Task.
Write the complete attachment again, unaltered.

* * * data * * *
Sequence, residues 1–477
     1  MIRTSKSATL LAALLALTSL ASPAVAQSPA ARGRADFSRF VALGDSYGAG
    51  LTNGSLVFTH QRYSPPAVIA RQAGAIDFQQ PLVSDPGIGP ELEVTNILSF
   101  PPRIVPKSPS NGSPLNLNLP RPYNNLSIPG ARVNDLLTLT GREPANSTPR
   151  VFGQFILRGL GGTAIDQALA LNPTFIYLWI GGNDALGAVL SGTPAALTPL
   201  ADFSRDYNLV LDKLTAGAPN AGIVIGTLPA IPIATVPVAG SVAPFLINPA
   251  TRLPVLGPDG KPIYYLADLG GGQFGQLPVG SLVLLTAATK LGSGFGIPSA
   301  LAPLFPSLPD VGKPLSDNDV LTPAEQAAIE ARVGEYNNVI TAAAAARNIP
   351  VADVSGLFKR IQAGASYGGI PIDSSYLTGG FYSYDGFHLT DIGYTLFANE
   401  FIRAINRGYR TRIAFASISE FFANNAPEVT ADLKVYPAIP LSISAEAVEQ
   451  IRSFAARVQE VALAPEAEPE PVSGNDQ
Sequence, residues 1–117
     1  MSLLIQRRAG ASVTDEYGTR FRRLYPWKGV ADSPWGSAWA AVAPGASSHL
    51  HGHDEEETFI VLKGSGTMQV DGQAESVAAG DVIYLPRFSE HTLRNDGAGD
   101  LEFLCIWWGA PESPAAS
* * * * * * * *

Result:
Sequence, residues 1–477
     1  MIRTSKSATL LAALLALTSL ASPAVAQSPA ARGRADFSRF VALGDSYGAG
    51  LTNGSLVFTH QRYSPPAVIA RQAGAIDFQQ PLVSDPGIGP ELEVTNILSF
   101  PPRIVPKSPS NGSPLNLNLP RPYNNLSIPG ARVNDLLTLT GREPANSTPR
   151  VFGQFILRGL GGTAIDQALA LNPTFIYLWI GGNDALGAVL SGTPAALTPL
   201  ADFSRDYNLV LDKLTAGAPN AGIVIGTLPA IPIATVPVAG SVAPFLINPA
   251  TRLPVLGPDG KPIYYLADLG GGQFGQLPVG SLVLLTAATK LGSGFGIPSA
   301  LAPLFPSLPD VGKPLSDNDV LTPAEQAAIE ARVGEYNNVI TAAAAARNIP
   351  VADVSGLFKR IQAGASYGGI PIDSSYLTGG FYSYDGFHLT DIGYTLFANE
   401  FIRAINRGYR TRIAFASISE FFANNAPEVT ADLKVYPAIP LSISAEAVEQ
   451  IRSFAARVQE VALAPEAEPE PVSGNDQ
Sequence, residues 1–117
     1  MSLLIQRRAG ASVTDEYGTR FRRLYPWKGV ADSPWGSAWA AVAPGASSHL
    51  HGHDEEETFI VLKGSGTMQV DGQAESVAAG DVIYLPRFSE HTLRNDGAGD
   101  LEFLCIWWGA PESPAAS